Eivind Torske walks with the limp he’s had since childhood, when he was stricken with polio as a young boy.
It is only fitting, then, that the 88-year-old Norwegian-born resident of The Danish Home of Chicago was first to receive the COVID-19 vaccine when it came to the boutique senior living community in January.
A self-proclaimed “troublemaker,” Eivind (pronounced “Ivan”) quipped, “The Danes here were too scared to be first; they had to get a Norwegian to do it!” But The Danish Home president and CEO Scott Swanson had something else in mind electing Eivind to go first.
Despite his natural sense of humor, Eivind had his share of childhood troubles. In 1940, when he was ten years old and Norway’s King Haakon VII refused to abdicate his reign to an unpopular Nazi collaborator, the Germans responded by bombing Norway. Eivind’s fishing town of Kristiansund N., Norway, was decimated, almost every house burned.
The other children in his village with polio were given permission by the Nazi’s to go to Sweden for treatment of the disease for which there would be no vaccine until the mid-1950s. Eivind, however, remained in Norway with his family. His sister and brother did not contract the virus.
“My father didn’t like the Germans, so they didn’t send me,” said Eivind in his thick Norwegian accent. Treatment for his affected arm and right leg consisted of exercising three times a week in water warmed in the basement of his family’s rented apartment.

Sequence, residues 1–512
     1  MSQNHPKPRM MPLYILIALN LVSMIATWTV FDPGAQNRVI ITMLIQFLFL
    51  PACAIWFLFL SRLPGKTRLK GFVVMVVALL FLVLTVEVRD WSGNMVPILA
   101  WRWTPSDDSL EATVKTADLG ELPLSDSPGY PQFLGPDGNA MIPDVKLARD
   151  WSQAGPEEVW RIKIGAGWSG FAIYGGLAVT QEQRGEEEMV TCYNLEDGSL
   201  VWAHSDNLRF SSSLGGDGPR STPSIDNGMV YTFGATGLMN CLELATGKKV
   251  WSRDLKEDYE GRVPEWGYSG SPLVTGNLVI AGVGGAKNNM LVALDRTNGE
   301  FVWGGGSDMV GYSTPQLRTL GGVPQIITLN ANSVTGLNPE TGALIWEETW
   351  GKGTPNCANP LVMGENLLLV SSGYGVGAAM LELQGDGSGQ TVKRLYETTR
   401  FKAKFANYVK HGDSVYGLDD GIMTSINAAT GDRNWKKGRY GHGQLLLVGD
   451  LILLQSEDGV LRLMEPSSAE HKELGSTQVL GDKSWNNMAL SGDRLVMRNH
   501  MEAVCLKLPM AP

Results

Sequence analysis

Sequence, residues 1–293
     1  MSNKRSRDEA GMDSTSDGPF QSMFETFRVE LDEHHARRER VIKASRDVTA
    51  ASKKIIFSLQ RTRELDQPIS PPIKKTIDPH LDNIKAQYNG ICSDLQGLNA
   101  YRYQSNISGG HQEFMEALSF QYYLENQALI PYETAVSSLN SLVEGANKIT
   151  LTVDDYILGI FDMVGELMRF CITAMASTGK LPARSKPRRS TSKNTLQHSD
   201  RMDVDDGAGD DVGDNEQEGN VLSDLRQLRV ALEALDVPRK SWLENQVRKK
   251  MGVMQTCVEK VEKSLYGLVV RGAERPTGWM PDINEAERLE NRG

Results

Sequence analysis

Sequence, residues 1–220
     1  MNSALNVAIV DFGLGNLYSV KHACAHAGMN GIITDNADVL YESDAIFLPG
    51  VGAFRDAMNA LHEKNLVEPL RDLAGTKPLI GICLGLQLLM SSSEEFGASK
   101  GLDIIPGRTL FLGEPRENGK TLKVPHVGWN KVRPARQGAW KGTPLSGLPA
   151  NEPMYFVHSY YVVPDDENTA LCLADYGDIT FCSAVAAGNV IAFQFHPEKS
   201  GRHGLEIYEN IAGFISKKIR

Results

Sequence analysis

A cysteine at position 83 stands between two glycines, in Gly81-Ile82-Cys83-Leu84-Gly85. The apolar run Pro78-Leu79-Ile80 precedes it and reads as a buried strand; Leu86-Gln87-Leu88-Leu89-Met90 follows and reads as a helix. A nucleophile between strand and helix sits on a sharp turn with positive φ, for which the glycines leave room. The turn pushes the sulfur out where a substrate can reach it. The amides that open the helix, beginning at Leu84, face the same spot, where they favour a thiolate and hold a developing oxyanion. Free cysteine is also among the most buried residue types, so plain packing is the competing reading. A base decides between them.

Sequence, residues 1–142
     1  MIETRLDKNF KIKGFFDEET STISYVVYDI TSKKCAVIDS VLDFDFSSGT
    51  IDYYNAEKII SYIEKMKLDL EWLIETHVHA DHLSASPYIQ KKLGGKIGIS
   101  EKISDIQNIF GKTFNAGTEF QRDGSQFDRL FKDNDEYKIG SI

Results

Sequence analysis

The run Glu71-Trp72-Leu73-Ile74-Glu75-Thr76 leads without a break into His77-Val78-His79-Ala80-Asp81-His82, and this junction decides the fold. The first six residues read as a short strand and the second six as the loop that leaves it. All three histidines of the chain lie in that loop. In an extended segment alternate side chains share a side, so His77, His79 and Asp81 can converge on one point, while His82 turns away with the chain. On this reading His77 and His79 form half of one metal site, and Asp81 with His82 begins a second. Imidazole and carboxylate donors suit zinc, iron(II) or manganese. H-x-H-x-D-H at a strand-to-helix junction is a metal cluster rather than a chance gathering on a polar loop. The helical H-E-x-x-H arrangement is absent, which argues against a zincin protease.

“Polio is a virus that eats muscle; you get it from something you’ve ingested,” explained the man who, 78 years later, still displays effects of the disease. A retired cabinet maker employed with Parenti & Raffaelli, Ltd. and serving such megawatt clients as Oprah Winfrey and Michael Jordan, Eivind came to the U.S. in 1961 with a purpose in mind.
“I wanted to prove to myself that I could still do things, even with my handicap,” he said. A resident of Chicago’s Portage Park for 52 years, Eivind married and became involved with local Scandinavian organizations, including The Danish Home, Bjornson Male Chorus, Harmonien Singing Society, and Chicago Torske Klub (which shares his name, Norwegian for “codfish”).
“I’ve known The Danish Home for 40 years. I came to Summerfest, Fall Fest…I always knew I’d be here when the time came.” That time came in June of 2019.
“I’m glad I was here before the COVID pandemic; there’s plenty to do here, plenty of trouble for me to make,” he jokes. Never having received the polio vaccine, Eivind was only too willing to be first in line for COVID inoculation at The Danish Home.
According to The Danish Home director of nursing, Cecilia Ramos, all residents have willingly received the first dose of the vaccine and have experienced no notable side effects. Second doses will be administered in February and March.
“I’m no doctor, and I don’t play one on T.V.,” said Eivind, “but it only makes common sense to get the vaccine.”